President Moon names replacement for top science post

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President Moon names replacement for top science post


Lim Dae-sik

President Moon Jae-in on Thursday named a prominent molecular biology professor to lead a major office under the Ministry of Science and ICT after his previous nominee resigned from the post for past ethical lapses.

Lim Dae-sik, a professor at the Korea Advanced Institute of Science and Technology, has been appointed to head the ministry’s science, technology and innovation office, an important post in the department. He will replace Park Ky-young, a biology professor at Sunchon National University who resigned last month in response to public outcry about her involvement in Korea’s largest scientific fraud case, the infamous Hwang Woo-suk scandal of 2005.

Hwang went from “Korea’s pride” to national disgrace that year after it was revealed he had falsified his stem cell research and embezzled government funds.

The Blue House said Lim’s background in biology made him an ideal candidate for the position.

“As a prominent figure in oncology and biology, Lim is qualified to lead change and innovation in the fields of science and technology,” said Park Soo-hyun, a spokesman for the Blue House.

The office that Lim has been tasked to lead oversees policy making related to science and technology and manages a 20 trillion won ($17.8 billion) budget for research and development. The role is equivalent to that of a vice minister and entitles Lim to attend presidential cabinet meetings.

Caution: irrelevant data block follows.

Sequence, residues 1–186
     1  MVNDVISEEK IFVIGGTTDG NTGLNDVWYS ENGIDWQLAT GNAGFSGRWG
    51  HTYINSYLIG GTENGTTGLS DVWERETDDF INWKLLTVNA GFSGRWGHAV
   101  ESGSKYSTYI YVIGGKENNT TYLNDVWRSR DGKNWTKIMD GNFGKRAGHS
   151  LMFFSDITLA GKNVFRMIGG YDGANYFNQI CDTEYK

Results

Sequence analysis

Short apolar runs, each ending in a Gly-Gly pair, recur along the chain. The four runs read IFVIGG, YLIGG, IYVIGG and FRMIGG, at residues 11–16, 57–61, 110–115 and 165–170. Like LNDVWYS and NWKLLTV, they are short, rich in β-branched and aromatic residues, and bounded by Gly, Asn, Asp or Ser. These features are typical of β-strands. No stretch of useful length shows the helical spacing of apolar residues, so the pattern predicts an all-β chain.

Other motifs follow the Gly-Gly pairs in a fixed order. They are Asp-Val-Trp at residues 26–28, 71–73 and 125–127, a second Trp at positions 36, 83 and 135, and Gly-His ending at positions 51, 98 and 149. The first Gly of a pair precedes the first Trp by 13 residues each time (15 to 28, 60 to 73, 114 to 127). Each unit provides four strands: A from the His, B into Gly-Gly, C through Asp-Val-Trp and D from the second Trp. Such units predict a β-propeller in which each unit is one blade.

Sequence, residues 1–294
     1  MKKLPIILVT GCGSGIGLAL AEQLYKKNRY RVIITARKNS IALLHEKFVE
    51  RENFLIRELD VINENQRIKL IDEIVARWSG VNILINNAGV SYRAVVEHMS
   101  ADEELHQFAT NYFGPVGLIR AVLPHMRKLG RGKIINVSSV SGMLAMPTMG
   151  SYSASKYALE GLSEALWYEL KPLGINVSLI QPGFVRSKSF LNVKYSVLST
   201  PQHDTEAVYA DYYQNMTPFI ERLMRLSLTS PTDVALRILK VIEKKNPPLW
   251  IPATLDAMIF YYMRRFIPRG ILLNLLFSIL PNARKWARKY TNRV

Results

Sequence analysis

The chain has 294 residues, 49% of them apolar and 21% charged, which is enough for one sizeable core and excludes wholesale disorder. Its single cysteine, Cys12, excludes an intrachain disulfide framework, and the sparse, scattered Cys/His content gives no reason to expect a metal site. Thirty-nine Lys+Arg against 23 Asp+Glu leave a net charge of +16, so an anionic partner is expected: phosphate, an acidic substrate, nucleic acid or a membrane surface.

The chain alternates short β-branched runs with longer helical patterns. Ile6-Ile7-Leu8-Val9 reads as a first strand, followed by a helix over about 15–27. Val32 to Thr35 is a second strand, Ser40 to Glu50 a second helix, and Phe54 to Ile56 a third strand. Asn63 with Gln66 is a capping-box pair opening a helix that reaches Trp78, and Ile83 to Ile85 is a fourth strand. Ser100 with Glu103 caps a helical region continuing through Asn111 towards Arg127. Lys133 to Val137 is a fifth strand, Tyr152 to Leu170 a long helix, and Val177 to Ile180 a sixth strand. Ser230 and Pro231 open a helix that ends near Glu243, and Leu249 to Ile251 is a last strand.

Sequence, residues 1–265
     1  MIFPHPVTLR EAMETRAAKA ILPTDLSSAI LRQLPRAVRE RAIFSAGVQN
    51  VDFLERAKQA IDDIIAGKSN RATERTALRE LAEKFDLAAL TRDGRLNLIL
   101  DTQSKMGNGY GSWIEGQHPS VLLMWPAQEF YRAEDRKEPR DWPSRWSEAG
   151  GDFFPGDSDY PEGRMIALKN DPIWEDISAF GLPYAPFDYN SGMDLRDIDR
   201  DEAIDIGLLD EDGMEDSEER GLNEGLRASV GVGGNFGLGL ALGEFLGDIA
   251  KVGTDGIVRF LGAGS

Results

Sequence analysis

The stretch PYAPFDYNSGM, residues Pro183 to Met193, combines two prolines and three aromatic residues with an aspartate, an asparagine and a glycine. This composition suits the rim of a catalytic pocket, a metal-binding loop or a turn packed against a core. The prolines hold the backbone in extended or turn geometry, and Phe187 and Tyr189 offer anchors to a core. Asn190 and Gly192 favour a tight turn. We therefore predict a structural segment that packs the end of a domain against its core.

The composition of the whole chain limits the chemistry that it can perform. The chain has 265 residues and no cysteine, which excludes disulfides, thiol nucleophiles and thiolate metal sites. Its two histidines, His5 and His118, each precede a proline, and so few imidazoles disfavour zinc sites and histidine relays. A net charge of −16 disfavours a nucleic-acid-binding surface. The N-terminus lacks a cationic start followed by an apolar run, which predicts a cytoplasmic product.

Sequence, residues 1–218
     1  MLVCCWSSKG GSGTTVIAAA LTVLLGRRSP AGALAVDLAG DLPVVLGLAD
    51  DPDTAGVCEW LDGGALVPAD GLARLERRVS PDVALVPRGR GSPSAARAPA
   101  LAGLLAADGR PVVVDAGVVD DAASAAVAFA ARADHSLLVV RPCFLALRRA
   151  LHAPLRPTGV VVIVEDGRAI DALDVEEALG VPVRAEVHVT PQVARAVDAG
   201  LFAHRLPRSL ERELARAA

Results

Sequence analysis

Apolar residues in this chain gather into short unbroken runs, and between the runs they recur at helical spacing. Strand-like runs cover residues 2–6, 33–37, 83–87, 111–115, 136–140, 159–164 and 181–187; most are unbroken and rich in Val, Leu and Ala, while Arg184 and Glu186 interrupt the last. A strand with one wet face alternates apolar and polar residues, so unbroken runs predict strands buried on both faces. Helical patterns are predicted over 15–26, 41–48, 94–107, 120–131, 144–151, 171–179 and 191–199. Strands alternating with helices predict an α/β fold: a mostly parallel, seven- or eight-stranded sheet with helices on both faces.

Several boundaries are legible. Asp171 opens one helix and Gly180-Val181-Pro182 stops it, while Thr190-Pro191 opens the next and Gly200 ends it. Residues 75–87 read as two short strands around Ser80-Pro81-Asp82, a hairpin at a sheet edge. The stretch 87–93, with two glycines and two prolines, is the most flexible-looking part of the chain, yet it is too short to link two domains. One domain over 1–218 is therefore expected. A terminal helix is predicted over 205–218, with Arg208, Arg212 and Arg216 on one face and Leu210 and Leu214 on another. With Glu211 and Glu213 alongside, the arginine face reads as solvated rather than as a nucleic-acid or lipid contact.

Born in 1965 in Seoul, Lim earned both his bachelor’s and master’s degrees in microbiology from the prestigious Seoul National University. He went on to receive a doctorate at the MD Anderson UTHealth Graduate School in Houston.

Lim then did his postdoctoral work at Johns Hopkins Hospital and St. Jude Children’s Research Hospital. His research involves the relationship between cancer and genetics.

Lim’s predecessor, Park, resigned on Aug. 11, just four days after taking the job. Her short tenure was riddled with reports that she collaborated with Hwang, the controversial stem cell researcher, on a fabricated paper.

Park’s critics said that a researcher with questionable academic ethics should not hold the science post.

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